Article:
Neil Diamond, one of the 2011 Kennedy Center Honorees, sat down with the Washington Post’s top-notch baseball writer David Sheinin to talk about the singer’s long career.

Neil Diamond performs at the Rock and Roll Hall of Fame induction ceremony earlier this year (AP Photo/Evan Agostini)

A full profile of Diamond will appear in Sunday’s Arts section, along with interviews of the other Honorees: Sonny Rollins, Meryl Streep, Barbara Cook and Yo-Yo Ma.

Sheinin: Which song is dearest to your heart?

Diamond: Well, I’d have to say “Sweet Caroline” because it’s stood the test of time. And people know it, and I’m still performing it. It’s a good luck song. It’s been good luck for me, and it’s been good luck for lots of teams [that regularly play it at their stadiums]. And people have adopted it.

Sheinin: Which song is your most personal?

Diamond: I’d have to say the most biographical of the songs were either “Brooklyn Roads” or “I am...I said” although there’s a fairly good piece of me in everything that I write, if you care to go deep enough.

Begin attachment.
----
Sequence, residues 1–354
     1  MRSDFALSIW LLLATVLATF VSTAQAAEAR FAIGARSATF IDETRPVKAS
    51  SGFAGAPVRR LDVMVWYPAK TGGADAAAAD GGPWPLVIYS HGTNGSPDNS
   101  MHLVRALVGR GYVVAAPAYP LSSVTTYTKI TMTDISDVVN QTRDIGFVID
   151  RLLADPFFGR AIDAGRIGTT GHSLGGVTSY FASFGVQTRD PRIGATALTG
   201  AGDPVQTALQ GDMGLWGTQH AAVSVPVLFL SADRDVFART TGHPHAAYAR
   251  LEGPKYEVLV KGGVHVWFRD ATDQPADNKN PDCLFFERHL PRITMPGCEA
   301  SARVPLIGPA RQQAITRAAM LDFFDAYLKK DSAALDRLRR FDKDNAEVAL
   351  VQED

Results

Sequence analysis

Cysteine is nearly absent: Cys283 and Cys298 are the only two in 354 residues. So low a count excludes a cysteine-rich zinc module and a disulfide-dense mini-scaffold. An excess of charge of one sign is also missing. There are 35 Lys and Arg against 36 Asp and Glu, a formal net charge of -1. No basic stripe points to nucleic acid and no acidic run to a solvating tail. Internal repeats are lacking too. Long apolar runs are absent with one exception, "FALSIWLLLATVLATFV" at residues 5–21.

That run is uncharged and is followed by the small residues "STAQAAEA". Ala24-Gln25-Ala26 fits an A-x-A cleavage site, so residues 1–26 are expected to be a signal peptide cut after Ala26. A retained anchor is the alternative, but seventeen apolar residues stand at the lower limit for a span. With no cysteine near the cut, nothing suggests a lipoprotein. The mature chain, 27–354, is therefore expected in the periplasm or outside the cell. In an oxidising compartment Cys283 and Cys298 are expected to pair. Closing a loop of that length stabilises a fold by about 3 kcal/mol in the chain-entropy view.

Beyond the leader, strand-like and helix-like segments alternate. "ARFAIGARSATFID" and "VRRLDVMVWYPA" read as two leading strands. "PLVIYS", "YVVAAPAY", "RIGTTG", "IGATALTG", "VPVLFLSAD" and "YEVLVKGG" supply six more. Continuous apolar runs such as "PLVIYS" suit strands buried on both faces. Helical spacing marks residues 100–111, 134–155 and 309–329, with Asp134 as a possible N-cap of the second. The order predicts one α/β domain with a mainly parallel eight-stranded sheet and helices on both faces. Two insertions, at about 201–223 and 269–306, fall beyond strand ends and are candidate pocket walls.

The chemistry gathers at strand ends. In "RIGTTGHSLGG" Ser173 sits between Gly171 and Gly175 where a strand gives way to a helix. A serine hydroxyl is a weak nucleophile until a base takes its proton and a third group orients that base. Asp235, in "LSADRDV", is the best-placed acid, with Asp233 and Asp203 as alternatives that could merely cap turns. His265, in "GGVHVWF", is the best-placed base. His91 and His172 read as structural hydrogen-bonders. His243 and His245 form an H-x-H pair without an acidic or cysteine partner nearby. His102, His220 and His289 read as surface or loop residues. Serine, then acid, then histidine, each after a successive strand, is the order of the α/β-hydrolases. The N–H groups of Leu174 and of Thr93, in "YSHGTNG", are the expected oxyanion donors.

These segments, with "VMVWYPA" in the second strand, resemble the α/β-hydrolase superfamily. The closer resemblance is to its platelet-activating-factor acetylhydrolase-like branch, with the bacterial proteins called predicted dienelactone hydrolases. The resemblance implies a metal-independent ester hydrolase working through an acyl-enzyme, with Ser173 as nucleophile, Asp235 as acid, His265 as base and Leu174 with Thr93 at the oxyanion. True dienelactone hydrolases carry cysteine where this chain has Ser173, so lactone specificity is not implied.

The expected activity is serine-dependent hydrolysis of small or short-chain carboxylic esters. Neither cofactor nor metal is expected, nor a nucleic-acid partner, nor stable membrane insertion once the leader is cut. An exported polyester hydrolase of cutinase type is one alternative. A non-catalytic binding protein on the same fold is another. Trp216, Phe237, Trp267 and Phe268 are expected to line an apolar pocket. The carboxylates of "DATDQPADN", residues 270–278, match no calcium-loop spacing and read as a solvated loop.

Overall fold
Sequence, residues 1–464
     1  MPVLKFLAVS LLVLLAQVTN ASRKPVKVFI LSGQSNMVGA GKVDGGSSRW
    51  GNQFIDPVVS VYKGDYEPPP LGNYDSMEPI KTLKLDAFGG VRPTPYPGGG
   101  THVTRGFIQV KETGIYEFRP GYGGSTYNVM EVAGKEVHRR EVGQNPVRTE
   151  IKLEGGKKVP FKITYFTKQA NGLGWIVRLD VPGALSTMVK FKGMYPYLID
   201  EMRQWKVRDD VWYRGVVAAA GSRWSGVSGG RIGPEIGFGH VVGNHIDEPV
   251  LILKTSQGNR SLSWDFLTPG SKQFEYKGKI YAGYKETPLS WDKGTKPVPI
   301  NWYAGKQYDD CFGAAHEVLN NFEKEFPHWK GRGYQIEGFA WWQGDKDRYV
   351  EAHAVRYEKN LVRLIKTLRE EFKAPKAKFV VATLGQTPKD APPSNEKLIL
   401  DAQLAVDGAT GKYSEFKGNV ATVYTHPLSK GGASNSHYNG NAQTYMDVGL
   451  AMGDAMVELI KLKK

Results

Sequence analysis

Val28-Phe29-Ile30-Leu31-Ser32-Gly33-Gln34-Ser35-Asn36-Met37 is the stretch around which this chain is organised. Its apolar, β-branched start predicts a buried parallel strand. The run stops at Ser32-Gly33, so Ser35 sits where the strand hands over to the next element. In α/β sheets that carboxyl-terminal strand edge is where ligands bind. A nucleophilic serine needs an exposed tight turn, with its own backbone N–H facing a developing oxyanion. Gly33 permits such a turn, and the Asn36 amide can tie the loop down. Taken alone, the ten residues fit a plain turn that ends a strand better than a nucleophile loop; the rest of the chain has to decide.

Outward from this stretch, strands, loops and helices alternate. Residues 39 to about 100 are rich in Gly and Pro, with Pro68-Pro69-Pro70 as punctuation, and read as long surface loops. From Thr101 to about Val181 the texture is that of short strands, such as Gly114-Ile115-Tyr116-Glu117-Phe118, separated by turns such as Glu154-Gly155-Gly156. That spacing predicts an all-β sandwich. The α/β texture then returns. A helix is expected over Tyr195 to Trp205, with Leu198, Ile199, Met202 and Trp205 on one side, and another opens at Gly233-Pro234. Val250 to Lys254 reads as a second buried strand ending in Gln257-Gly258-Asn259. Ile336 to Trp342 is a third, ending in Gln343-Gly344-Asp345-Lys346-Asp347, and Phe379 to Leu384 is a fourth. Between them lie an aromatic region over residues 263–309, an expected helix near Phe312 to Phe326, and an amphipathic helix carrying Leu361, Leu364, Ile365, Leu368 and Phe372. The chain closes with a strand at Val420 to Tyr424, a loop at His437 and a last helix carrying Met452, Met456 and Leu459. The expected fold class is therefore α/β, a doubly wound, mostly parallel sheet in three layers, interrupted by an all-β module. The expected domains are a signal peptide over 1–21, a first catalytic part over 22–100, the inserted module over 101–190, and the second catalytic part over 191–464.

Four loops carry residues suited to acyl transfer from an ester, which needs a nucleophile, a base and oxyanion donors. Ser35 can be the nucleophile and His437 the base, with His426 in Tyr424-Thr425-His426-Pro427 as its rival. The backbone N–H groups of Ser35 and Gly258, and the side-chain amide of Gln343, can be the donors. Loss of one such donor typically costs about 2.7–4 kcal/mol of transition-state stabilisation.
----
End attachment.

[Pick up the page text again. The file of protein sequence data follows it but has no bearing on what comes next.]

Sheinin: What do you consider to be your most perfect song?

Diamond: Well, I’ve never written a perfect song. There’s always something about it that I would improve on when I look back on it. But again, I’d have to say the simplest of the songs would have to be the most perfect. “Sweet Caroline,” “Song Sung Blue.” I’d have to put those in that category.

Sheinin: What song would you like a “do-over” on, in terms of production, or the execution?

Diamond: Well I would like a do-over of “I’m a Believer.” There was the ‘60s version that I did, which The Monkees pretty well copied note for note. But [on] my last album, which was called “Dreams,” I was able to get another version of “I’m a Believer” in, which was much more reflective. And I like it. I liked it a lot.”